Issue no. 394 - 7 December 2008
- EU - Europeana website overwhelmed on its first day by interest of millions of users
On the first day of its launch, Europe's digital library Europeana was overwhelmed by the interest shown by millions of users in this new project. This is an unexpected difficulty, but it is also an encouraging sign that citizens in Europe and around the world have great interest in Europe's digital library. Europeana must now be made more robust to deal with peak hour requests - thousands of users searching in the very same second for famous cultural works like the Mona Lisa or books from Kafka, Cervantes or James Joyce. The Commission and the Europeana management are confident that Europeana will be up and running again by mid-December.For the time being, a demo version of Europeana will be available at http://dev.europeana.eu/. See Europeana: A shop window on Europe's cultural heritage Speech by José Manuel Durão Barroso, President of the European Commission, Launch of Europeana, Brussels, 20 November 2008; La bibliothèque numérique européenne: du rêve à la réalité Discours de Viviane Reding, Membre de la Commission européenne, responsable de la société de l'information et des médias, Forum d'Avignon 2008 - Culture, facteur de croissance, Avignon, le 17 novembre 2008; EUROPEANA: un voyage à travers la culture européenne Discours de Viviane Reding. Lancement d'Europeana, la Bibliothèque européenne Bruxelles, le 20 novembre 2008; Now Online: "Europeana", Europe's Digital Library; EUROPEANA - Europe's Digital Library: Frequently Asked Questions. See also EU Presents Ambitious Open-Source Library Digitization Project, Site Promptly Crashes (TechCrunch) by Kathlyn Clore.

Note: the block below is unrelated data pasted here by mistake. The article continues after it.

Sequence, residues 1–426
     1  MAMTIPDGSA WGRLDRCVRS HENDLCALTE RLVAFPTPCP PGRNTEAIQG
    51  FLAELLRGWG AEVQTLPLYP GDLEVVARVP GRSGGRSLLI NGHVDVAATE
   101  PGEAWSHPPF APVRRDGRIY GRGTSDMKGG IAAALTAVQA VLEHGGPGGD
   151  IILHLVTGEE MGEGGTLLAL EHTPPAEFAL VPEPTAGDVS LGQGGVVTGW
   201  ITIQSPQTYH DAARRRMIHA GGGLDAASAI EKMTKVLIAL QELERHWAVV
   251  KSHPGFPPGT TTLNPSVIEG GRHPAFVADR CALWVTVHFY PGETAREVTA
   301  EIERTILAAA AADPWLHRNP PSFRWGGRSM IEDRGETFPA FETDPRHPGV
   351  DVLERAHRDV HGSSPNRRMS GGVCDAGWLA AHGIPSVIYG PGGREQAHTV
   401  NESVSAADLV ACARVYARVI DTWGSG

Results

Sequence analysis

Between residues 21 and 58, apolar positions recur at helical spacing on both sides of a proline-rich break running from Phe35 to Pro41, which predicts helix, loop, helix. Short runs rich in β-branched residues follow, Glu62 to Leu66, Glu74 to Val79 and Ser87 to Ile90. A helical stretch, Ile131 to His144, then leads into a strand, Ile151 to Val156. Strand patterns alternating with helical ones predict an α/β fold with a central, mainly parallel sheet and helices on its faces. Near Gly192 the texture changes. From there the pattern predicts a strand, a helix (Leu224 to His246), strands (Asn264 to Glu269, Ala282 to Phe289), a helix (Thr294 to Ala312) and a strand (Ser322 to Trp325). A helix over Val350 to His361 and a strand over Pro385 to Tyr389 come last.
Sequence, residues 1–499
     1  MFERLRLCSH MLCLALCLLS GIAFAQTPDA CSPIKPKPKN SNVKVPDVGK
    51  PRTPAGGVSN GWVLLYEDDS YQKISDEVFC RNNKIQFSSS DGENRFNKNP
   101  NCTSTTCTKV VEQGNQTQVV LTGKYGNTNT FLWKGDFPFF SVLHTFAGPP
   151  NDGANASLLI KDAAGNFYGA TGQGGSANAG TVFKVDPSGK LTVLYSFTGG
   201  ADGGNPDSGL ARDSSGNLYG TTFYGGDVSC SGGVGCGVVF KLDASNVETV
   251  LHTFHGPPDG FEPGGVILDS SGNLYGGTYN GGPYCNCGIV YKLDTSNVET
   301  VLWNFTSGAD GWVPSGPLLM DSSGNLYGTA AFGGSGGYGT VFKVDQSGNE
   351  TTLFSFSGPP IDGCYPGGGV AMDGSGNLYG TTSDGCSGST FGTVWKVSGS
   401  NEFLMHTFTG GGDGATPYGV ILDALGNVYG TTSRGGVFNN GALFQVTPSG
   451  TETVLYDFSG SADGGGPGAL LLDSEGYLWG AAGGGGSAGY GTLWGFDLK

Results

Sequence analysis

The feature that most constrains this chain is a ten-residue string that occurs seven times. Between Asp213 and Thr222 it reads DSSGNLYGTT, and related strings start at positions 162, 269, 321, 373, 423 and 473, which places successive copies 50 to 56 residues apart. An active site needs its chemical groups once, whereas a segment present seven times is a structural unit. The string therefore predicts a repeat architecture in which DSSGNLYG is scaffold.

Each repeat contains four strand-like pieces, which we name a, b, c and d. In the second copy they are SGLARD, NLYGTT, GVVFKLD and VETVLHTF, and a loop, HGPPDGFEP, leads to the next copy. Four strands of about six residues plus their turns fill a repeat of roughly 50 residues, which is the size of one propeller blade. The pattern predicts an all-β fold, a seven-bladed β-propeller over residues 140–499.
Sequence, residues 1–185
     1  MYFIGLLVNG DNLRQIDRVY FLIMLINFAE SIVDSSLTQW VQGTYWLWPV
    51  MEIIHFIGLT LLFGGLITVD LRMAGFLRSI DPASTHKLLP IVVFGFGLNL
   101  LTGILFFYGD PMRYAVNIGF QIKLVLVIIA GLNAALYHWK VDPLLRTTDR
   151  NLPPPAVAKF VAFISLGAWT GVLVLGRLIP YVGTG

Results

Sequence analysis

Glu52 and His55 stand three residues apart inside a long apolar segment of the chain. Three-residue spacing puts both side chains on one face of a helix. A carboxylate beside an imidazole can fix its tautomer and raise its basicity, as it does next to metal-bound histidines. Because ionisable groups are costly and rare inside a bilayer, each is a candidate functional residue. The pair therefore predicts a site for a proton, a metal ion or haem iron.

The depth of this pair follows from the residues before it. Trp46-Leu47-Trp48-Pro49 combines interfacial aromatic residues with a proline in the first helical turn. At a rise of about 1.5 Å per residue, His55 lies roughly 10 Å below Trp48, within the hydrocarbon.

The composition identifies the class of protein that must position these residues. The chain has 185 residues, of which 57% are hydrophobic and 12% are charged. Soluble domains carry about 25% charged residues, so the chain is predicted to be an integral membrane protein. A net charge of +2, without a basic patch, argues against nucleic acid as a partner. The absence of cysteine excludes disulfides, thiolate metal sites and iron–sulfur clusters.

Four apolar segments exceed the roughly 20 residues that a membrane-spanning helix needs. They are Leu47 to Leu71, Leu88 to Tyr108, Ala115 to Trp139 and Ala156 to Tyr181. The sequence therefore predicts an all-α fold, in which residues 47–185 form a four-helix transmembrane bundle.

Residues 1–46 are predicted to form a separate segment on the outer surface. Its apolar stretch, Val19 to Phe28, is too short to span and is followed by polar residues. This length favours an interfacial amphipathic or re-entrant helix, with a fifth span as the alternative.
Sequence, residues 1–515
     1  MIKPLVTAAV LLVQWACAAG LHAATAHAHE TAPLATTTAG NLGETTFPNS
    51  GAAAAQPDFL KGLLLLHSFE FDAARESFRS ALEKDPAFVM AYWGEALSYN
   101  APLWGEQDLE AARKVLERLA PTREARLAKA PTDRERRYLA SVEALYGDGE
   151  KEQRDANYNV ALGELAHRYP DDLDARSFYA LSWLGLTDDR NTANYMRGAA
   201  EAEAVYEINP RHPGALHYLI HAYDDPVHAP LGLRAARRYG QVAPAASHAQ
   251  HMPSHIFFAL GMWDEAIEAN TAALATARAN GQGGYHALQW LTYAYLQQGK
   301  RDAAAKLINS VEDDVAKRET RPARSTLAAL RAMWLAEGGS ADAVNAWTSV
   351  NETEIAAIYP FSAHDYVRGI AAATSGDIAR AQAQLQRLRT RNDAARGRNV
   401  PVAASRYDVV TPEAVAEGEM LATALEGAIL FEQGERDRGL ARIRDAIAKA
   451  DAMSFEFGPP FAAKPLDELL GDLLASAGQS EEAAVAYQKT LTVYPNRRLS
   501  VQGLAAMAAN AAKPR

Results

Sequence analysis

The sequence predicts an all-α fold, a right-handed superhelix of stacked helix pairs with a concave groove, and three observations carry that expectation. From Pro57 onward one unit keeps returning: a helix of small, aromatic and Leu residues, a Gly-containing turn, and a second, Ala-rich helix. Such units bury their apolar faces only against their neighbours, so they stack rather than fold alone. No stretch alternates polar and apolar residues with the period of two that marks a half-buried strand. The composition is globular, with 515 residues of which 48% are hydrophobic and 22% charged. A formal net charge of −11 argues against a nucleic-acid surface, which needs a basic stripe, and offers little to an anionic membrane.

- US - You Tube to start showing full-length films
YouTube took its first step towards a comprehensive movie service, reaching a deal with a big Hollywood studio to start showing full-length television shows and films. The video-sharing website is set to announce that it will host TV episodes and movies from the archives of Metro-Goldwyn-Mayer (MGM) in its latest step to boost advertising revenue. The deal is expected to be the first of many. It emerged over the weekend that the site, which is owned by Google, was in negotiations with other Hollywood studios.
Issue no. 393 - 9 November 2008
Issue no. 392 - 5 October 2008
- Old newspapers get online launch
A new initiative to bring old newspapers that pre-date the digital age to the web has been launched by the search giant Google. The company has partnered with around 100 newspapers to digitize them and make scanned copies available online. This means users will see entire pages of the original paper as they were printed at the time.
Issue no. 391 - 31 August 2008
- EU - Opening soon: a digital library for Europe
Europe's cultural diversity in books, music, paintings, photographs, and films open to all citizens at the click of a mouse via one portal - this dream of a European Digital Library could become reality this autumn. However, further efforts by the EU Member States are needed, said the Commission in a new Communication on making available digital versions of works from cultural institutions all over Europe. Digitisation of cultural works can give Europeans access to material from museums, libraries and archives abroad without having to travel or turn hundreds of pages to find a piece of information. Europe's libraries alone contain more than 2.5 billion books, but only about 1% of archival material is available in digital form. The Commission therefore called on Member States to do more to make digitised works available online for Europeans to browse them digitally, for study, work or leisure. The Commission itself will provide some € 120 million in 2009-2010 for improving online access to Europe's cultural heritage. see Communication on Europe's cultural heritage at the click of a mouse and Staff Working Paper. See also Frequenlty Asked Questions (FAQs).
Issue no. 389 - 22 June 2008
- EU - Agreement between Cultural Institutions and Right Holders on Orphan Works